1926 United States Senate election in Colorado

The 1926 United States Senate election in Colorado took place on November 2, 1924. Incumbent Republican Senator Rice W. Means ran for re-election, but he was defeated in the Republican primary by Charles W. Waterman, a prominent attorney and party leader. In the general election, Waterman faced former Governor William Ellery Sweet, the Democratic nominee. Despite the nationwide Democratic trend, as well as the landslide victory for Democrats in the gubernatorial election, Waterman ended up defeating Sweet by a thin margin. Waterman would not end up serving a full term in the Senate, and died in office on August 27, 1932.

1926 United States Senate election in Colorado

← 1924 (special) November 2, 1926 1932 →
  Chas. W. Waterman of Denver, Col., (1-27-25) LCCN2016849970 (cropped).jpg William Sweet.gif
Nominee Charles W. Waterman William Ellery Sweet
Party Republican Democratic
Popular vote 149,585 138,113
Percentage 50.25% 46.39%

U.S. senator before election

Rice W. Means
Republican

Elected U.S. Senator

Charles W. Waterman
Republican

Democratic primaryEdit

CandidatesEdit

Dropped outEdit

  • Harry L. Lubers, former Speaker of the Colorado House of Representatives[3]

Defeated at conventionEdit

CampaignEdit

At the Democratic convention, a crowded slate of candidates was slightly winnowed down. Paul P. Prosser, a prominent Denver attorney who had previously been elected as the Howard County, Missouri, Prosecuting Attorney, placed first with 569 1/2 votes. He was followed by former Governor William Ellery Sweet with 279 1/2, former State House Speaker Harry L. Lubers with 133, and former labor leader Frank J. Hayes with 121. Attorney H. C. Fink received only 18 votes and was eliminated.[5] Shortly after the convention, Lubers dropped out, concluding that he lacked the financial resources to compete in the primary.[6] Sweet ended up defeating Prosser and Hayes by a decisive margin, though he fell just short of winning a majority.

ResultsEdit

Democratic primary results[7]
Party Candidate Votes %
Democratic William E. Sweet 26,491 49.27
Democratic Paul P. Prosser 19,583 36.42
Democratic Frank J. Hayes 7,689 14.30
Total votes 53,763 100.00

Republican primaryEdit

CandidatesEdit

ResultsEdit

Republican primary results[7]
Party Candidate Votes %
Republican Charles W. Waterman 57,537 49.82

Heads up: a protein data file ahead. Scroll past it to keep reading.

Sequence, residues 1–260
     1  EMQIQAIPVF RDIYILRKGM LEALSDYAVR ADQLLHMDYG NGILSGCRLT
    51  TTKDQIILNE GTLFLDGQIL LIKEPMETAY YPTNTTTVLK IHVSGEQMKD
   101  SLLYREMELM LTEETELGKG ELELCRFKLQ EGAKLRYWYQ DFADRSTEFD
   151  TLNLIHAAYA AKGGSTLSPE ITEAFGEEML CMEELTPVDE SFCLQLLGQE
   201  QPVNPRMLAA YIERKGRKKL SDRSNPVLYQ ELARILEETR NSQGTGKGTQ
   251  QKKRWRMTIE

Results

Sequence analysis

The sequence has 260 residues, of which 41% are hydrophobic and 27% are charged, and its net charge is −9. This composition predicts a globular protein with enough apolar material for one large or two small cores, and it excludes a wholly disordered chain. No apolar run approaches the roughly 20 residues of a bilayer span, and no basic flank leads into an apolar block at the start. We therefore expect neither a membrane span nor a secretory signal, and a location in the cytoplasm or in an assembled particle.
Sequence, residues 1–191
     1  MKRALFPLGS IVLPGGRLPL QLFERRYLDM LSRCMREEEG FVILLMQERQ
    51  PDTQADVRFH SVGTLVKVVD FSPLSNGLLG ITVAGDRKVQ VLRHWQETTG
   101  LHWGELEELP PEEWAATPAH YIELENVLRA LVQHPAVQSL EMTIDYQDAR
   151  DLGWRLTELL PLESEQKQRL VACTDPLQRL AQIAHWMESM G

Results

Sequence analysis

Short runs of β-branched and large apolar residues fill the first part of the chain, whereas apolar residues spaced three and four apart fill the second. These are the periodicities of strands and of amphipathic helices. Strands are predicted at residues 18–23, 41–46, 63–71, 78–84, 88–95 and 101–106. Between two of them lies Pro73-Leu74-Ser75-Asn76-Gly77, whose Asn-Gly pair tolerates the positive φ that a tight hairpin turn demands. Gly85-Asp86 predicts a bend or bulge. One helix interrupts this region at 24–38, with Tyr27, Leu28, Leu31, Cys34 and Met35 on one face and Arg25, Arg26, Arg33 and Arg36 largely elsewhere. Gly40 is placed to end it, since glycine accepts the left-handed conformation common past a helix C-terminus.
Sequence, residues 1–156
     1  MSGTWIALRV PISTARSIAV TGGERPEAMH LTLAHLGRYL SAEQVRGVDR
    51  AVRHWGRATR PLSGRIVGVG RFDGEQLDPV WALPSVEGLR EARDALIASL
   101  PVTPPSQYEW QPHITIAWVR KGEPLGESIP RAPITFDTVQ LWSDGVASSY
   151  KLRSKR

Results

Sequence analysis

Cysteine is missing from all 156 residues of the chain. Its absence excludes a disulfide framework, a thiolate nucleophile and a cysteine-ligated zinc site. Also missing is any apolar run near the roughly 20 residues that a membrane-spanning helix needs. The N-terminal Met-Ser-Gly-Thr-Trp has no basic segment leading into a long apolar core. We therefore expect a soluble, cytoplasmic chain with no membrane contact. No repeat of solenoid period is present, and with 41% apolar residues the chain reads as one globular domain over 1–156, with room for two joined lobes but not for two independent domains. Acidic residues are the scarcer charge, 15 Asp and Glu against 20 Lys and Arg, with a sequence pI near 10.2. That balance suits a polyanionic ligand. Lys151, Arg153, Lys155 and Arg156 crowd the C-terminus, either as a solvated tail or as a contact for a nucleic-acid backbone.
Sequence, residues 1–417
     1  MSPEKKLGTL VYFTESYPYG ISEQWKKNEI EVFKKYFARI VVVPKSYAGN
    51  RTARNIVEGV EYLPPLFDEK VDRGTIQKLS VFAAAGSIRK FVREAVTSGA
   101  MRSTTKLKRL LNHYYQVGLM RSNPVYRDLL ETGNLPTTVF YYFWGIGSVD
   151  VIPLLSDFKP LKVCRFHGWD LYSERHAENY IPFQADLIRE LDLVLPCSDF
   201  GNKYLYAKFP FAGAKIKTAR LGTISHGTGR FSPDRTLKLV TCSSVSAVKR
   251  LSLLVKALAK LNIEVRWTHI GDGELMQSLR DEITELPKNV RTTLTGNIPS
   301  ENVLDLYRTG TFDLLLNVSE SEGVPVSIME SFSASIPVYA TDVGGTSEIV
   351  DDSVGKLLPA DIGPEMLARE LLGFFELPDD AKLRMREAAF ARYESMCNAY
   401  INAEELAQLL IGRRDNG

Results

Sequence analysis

Republican Rice W. Means (inc.) 41,721 36.12
Republican George A. Luxford 14,330 12.41
Republican Mortimer W. Spaulding 1,906 1.65
Total votes 115,494 100.00

General electionEdit

ResultsEdit

1926 United States Senate election in Colorado[7]
Party Candidate Votes % ±%
Republican Charles W. Waterman 149,585 50.25% +0.08%
Democratic William Ellery Sweet 138,113 46.39% +2.72%
Farmer–Labor Morton Alexander 5,829 1.96% -3.56%
Socialist Frank H. Rice 2,218 0.75% +0.11%
People's Constitutional Rights James A. Ownbey 1,091 0.37%
Communist James A. Ayres 859 0.29%
Majority 11,472 3.85% -2.64%
Turnout 297,695
Republican hold

ReferencesEdit

  1. ^ "Paul P. Prosser Seeking Senatorship as Democrat Free from Factionalism". Longmont Daily Times. Longmont, Colorado. June 30, 1926. p. 3. Retrieved July 4, 2022.
  2. ^ "Labor Leader Wants to Be U.S. Senator". Aspen Daily Times. Aspen, Colorado. April 12, 1926. p. 1. Retrieved July 4, 2022.
  3. ^ "Harry Lubers Enters Senatorial Fight". Leadville Herald Democrat. Leadville, Colorado. May 9, 1926. p. 1. Retrieved July 4, 2022.
  4. ^ "H. C. Fink Out for U.S. Senate". Fort Collins Coloradoan. Fort Collins, Colorado. August 6, 1926. p. 7. Retrieved July 4, 2022.
  5. ^ "Democratic Candidates Designated". Longmont Daily Times. Longmont, Colorado. August 13, 1926. p. 1. Retrieved July 4, 2022.
  6. ^ "Primary Election Costs". Eagle Valley Enterprise. Eagle, Colorado. August 27, 1926. p. 4. Retrieved July 4, 2022.
  7. ^ a b c Armstrong, Charles M. (1926). State of Colorado Abstract of Votes Cast at the Primay Election Held on the Fourteenth Day of September, A. D. 1926 and at the General Election Held on the Second Day of November, A. D. 1926 (PDF). Denver, Colorado: Colorado Secretary of State.
  8. ^ "Challenge to Governor". Telluride Daily Journal. Telluride, Colorado. August 9, 1926. p. 1. Retrieved July 4, 2022.
  9. ^ "Spaulding Wants Toga!". Aspen Daily Times. Aspen, Colorado. July 30, 1926. p. 1. Retrieved July 4, 2022.